By Lenika De Simone, Vera Shively and the Genetic Counseling Team at Lurie Children’s
There are many neuromuscular disorders, including SMA. Depending on the type of disorder, symptoms may appear during infancy, childhood, as well as the adult years. Research is leading to a better understanding of the genetic basis for some of these disorders and new approaches to treatment. This is the case for SMA.
SMA is a progressive neuromuscular disorder that involves nerve cells (neurons) and the muscles they control. SMA leads to a loss of motor neurons in the spinal cord. Motor neurons are important because they send messages from the brain to muscles that direct much of the movement in our bodies. When muscles do not receive these messages, they become weak and waste away.
SMA is classified into 4 different types, 1 to 4. These are based on the child’s age when symptoms first appear (onset) and the severity of symptoms. Type 1 is the most severe form, and often appears before an infant is 6 months old. Children with SMA type 1 are unable to sit up, walk, or eat on their own. The child’s breathing can also be affected.
We know that SMA is caused by a genetic change (sometimes called a mutation) in the survival motor neuron 1 gene (SMN1). The SMN1 gene carries the instructions to make the SMN protein, which is important for motor neurons to work properly. Without SMN protein, the motor neurons disappear or lose their function. Knowing the specific genetic cause of SMA has been key in the development of the new treatments for the disorder.
There are two FDA-approved treatments for SMA. The first is called nusinersen (Spinraza®), and it is an antisense oligonucleotide (ASO) therapy. The ASOs in nusinersen work by helping the body create SMN protein to keep motor neurons healthy. Nusinersen is injected into the cerebrospinal fluid that bathes the brain and spinal cord. These injections must be performed by specially trained healthcare providers, and are done on a regular, ongoing basis. Nusinersen is not suitable for all patients with SMA, and it may not benefit all patients who try this drug.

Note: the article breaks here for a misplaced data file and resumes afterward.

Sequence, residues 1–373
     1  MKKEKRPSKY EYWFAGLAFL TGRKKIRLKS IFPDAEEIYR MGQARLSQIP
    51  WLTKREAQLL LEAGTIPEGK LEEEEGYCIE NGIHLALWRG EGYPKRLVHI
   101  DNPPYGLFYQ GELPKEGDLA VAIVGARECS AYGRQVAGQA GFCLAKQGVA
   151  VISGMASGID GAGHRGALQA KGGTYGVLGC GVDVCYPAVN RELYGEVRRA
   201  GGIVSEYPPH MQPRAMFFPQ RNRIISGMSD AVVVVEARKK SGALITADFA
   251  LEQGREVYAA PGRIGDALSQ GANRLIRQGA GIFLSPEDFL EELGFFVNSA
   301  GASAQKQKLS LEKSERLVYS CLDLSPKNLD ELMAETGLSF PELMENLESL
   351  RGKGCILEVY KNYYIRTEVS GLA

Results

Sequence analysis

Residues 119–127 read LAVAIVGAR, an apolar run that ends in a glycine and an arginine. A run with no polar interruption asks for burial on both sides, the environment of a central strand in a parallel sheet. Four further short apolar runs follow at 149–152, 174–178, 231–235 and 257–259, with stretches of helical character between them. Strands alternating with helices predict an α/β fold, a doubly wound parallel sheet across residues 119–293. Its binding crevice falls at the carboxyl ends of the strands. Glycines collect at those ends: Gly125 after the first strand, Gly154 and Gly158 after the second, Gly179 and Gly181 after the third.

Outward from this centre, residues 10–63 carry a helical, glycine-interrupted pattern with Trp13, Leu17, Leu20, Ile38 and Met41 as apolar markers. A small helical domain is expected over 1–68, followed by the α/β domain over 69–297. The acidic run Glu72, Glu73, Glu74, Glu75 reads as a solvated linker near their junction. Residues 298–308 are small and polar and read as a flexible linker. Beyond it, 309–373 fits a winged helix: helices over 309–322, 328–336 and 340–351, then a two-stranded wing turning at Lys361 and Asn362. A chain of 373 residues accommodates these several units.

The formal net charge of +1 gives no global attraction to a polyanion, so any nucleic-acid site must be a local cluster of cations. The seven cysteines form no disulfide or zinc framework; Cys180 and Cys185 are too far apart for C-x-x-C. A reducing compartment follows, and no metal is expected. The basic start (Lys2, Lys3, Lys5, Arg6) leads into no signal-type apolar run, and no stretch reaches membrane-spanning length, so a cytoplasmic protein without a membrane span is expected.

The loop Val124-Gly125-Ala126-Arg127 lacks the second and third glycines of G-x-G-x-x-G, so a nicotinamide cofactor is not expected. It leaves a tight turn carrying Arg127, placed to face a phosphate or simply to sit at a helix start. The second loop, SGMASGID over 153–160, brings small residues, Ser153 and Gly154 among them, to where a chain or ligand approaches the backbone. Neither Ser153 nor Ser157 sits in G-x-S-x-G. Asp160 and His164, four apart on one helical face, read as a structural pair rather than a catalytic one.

The second treatment for SMA is a gene enhancing-therapy called AVXS-101 (Zolgensma®). Gene therapies are meant to be one-time treatments that insert genetic material into the body to compensate for the non-working gene. AVXS-101 was designed to deliver a working copy of the SMN1 gene to motor neuron cells so they can produce SMN protein and continue delivering messages to muscles. The drug is given through an intravenous (IV) infusion. In 2019 it was approved for children up to the age of two years. Early reports have shown promising results. However, its extraordinary high price and a lack of access to the drug have caused much debate.
Newborn screening is a state public health service. When the baby is at least 1 day old, a small blood sample is collected from the baby’s heel and is used to screen for rare but serious medical conditions. These are conditions where early diagnosis and treatment can have a significant positive impact on the child’s health. While there is a national recommended set of conditions to screen, each state determines what conditions to add to their own panel. Given the new treatments available for SMA, many states have supported its addition to the newborn screening panel. The earlier an infant is diagnosed with SMA, the more likely one of the two treatments available will benefit the child. For this reason, Illinois will begin statewide testing for SMA in June 2020.
Parents are notified by their pediatrician or birth hospital staff that their baby has a positive newborn screen. The family will then be referred to specialists for further evaluation. The Neuromuscular and Genetic Teams at Lurie Children’s will examine the baby, explain the newborn screening test results, arrange follow-up diagnostic testing, provide guidance and counseling to parents, and coordinate any necessary treatment and medical care.
The new treatments for SMA provide hope for a healthier child, yet families experience much uncertainty about the future. Several of the resources listed below provide support, advocacy and connect families affected by SMA.